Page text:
There are those who have to cut down on red-carpet items like the corporate jet and that $3,000 weekend at the spa. Far more prevalent are those who are crossing red meat off the home supper menu and sticking with spaghetti. But however the cuts come, there's no argument: Just about everyone is adjusting to a revised standard of living in some way.
Not all of this is bad news as individuals rethink their lifestyles and how they spend their money. Shoe repair shops are posting huge spikes in business, since people aren't so quick to rush out and buy that new shiny pair. The odometer on the car that reads 100,000 is replacing its "Trade me in" message with a much louder one: "You and I, kiddo, have only just begun."
But what actually is this standard of living we hear so much about in the news? This thing we have to adjust to, agonize over, and be defined by? One thing that's safe to say is that it can be defined as changeable, unpredictable – and up for grabs. Another thing that's safe to say: Nothing changeable, unpredictable, or up for grabs is "safe."
Of course we all desire that economies – not just our own but those around the globe – thrive. But there might be a better way to help that along, for everyone concerned, if we begin to understand the concept of standard of living in a different way. A way that frees, instead of restricts.
I've found that Mary Baker Eddy's explanation of a "standard of liberty" sheds considerable light on the concept of standard of living. She wrote in the textbook of Christian Science, "Christian Science raises the standard of liberty and cries: 'Follow me! ... ' Jesus marked out the way. Citizens of the world, accept the 'glorious liberty of the children of God,' and be free! This is your divine right" ("Science and Health with Key to the Scriptures," p. 227). It's a simple message, and when examined closely, it's a remarkable one. Because it gently leads us to the idea that when we get out of our own way, there are universal laws of God, of good, that we can "follow" – that sustain us. And they not only sustain us, but allow for expanded prospects on the horizon.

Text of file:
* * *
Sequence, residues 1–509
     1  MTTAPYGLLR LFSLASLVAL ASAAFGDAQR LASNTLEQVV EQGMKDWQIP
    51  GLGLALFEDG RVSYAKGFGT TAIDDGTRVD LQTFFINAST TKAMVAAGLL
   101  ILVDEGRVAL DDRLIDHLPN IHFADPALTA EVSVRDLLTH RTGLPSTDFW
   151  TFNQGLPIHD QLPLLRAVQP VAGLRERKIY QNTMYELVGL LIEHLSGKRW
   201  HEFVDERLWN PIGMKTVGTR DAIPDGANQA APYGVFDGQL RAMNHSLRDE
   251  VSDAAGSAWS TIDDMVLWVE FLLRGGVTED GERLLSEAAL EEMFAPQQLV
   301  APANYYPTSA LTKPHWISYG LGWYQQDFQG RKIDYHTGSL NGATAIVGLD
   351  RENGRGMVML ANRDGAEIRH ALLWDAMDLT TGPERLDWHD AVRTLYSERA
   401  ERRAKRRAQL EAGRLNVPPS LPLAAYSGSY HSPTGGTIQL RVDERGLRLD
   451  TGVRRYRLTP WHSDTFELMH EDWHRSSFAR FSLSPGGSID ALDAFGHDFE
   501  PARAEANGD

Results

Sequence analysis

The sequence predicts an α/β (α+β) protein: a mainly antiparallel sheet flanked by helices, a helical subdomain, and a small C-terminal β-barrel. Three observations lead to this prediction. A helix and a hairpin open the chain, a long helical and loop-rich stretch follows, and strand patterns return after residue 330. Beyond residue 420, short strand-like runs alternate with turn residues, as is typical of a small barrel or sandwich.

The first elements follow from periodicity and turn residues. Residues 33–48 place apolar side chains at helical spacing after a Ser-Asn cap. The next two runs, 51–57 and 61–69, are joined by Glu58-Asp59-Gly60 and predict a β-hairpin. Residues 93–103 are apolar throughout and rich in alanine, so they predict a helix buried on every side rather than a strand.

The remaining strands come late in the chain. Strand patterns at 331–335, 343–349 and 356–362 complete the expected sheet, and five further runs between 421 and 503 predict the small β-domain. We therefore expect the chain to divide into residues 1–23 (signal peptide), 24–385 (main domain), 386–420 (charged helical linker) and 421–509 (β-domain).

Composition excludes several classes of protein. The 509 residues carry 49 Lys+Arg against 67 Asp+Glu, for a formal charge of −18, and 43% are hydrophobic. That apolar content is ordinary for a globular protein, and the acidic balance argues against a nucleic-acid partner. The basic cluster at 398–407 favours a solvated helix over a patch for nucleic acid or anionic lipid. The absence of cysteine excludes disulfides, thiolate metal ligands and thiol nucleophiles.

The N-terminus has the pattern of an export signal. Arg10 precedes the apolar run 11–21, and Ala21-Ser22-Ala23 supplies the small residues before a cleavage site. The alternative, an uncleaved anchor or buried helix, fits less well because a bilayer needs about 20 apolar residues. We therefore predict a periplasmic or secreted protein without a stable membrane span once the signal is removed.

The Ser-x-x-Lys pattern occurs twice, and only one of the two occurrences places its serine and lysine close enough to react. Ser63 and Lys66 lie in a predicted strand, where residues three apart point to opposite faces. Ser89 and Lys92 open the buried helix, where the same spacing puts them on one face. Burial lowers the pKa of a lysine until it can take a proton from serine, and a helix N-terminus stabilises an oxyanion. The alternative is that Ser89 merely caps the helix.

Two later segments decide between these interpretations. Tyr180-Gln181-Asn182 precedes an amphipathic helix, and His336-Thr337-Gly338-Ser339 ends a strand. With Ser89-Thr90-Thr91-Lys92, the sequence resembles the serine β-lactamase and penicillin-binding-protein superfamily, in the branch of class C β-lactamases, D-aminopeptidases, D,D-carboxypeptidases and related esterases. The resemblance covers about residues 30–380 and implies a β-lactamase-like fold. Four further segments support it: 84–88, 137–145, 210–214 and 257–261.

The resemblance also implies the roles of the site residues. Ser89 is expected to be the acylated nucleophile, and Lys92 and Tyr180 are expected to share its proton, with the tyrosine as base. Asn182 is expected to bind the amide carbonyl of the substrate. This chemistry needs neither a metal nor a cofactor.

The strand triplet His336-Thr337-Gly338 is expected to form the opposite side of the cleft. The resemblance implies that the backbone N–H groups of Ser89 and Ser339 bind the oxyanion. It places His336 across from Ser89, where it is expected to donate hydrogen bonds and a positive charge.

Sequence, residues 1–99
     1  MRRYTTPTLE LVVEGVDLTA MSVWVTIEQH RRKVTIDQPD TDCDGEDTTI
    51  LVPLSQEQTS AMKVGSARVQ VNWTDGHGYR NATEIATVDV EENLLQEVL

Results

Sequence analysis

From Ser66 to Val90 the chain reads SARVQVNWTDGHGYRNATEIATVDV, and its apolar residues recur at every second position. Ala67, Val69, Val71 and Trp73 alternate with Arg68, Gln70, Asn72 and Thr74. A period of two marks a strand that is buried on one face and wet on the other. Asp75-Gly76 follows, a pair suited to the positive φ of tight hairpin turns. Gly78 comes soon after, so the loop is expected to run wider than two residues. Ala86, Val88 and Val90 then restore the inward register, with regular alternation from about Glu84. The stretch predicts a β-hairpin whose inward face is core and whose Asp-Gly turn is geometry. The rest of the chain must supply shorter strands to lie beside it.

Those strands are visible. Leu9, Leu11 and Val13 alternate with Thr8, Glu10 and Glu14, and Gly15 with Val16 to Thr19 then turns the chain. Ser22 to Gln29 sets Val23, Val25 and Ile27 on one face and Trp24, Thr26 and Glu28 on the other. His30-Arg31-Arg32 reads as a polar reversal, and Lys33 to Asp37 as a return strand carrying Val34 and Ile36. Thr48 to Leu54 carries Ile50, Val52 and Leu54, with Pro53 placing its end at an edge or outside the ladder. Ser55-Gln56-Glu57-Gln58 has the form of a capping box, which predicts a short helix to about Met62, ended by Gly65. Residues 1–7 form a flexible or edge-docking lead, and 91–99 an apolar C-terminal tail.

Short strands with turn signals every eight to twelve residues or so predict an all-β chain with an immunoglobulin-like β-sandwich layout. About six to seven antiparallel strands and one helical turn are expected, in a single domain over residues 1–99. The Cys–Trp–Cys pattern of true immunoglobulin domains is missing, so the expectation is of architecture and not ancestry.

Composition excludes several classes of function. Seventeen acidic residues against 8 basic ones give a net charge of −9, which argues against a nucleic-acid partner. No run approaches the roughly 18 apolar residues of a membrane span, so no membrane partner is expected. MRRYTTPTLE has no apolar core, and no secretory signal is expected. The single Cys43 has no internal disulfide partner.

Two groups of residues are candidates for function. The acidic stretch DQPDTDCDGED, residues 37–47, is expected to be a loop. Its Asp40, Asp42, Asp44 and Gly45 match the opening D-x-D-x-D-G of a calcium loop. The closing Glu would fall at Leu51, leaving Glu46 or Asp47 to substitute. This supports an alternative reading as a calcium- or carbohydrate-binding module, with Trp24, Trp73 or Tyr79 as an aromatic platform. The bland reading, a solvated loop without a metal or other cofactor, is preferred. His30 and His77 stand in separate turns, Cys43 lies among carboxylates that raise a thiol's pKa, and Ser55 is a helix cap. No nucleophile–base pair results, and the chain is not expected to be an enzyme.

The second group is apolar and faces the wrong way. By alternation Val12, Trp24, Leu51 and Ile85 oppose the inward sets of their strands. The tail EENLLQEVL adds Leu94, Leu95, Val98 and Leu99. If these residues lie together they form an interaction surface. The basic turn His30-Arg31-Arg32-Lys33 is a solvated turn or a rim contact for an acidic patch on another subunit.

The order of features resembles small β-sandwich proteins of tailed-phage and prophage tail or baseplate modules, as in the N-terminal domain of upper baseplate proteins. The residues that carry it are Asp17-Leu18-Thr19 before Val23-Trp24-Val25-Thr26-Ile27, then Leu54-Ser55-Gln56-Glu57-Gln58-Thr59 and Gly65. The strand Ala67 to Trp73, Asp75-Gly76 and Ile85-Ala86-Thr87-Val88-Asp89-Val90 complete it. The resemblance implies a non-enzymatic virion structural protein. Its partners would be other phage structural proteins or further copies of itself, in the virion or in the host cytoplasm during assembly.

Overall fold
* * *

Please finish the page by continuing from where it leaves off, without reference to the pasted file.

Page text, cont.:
Freedom from worry. This might sound a little naive in these times, but in fact it's a present and dynamic possibility. To begin to know God as not only a Comforter, but as a Caretaker. To begin to see that this divine Mind guides us – not in some Pollyannaish, "la-de-da" way of thinking but step by step – by removing personal responsibility and the sense that we are at the mercy of events. It brings harmony into our lives. This doesn't imply for one minute being passive in doing what's necessary in regard to employment, bringing down debt, or finding new ways to meet living expenses. But it does mean that our starting point can be a humble acknowledgment that the divine Mind is already on the field. And guess what? It is meeting our needs by giving us good ideas, moment to moment.
Freedom to be receptive to new ideas. When worry lifts, we have clarity, pure and simple. Creative ideas suddenly fill the space where stress seemed to be. These ideas come from this same Mind that fills all space and does not leave room for doubt and concern. When we have the expectation that good is our divine right, bestowed by a capable, divine, intelligent Mind, we allow thought to travel in new directions, previously closed off by insecurity and indecision, doubt and inaction. New possibilities – perhaps for employment we may never have considered before – become opportunities for investigation.
Freedom to experience life in a wider context. What the understanding of one divine Mind provides is a vision that opens out – beyond a "standard of living" to a "standard of liberty" – a life not defined by a paycheck, or by the lack of a paycheck. Neither looming percentages of unemployment or ageism in the workplace, operating at either end of the spectrum, defines it. This vision liberates us from a future we've pinned down with "what ifs" and sets us free to consider entirely fresh options. Right now.
With this liberating standard of spiritual understanding and wealth, a line from Science and Health offers assurance: "Both Science and consciousness are now at work in the economy of being according to the law of Mind, which ultimately asserts its absolute supremacy" (p. 423). This is the "economy" we can start with and stay with, and are daily blessed by – safe, in the supremacy of Spirit.